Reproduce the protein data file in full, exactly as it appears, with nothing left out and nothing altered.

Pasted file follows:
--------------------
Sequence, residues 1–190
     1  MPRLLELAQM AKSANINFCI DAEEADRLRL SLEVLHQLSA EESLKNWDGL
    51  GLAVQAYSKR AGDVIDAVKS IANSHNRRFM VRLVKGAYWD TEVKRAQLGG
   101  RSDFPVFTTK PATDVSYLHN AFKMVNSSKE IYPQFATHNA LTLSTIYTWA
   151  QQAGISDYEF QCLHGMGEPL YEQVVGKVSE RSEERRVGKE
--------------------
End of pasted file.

Sequence, residues 1–190
     1  MPRLLELAQM AKSANINFCI DAEEADRLRL SLEVLHQLSA EESLKNWDGL
    51  GLAVQAYSKR AGDVIDAVKS IANSHNRRFM VRLVKGAYWD TEVKRAQLGG
   101  RSDFPVFTTK PATDVSYLHN AFKMVNSSKE IYPQFATHNA LTLSTIYTWA
   151  QQAGISDYEF QCLHGMGEPL YEQVVGKVSE RSEERRVGKE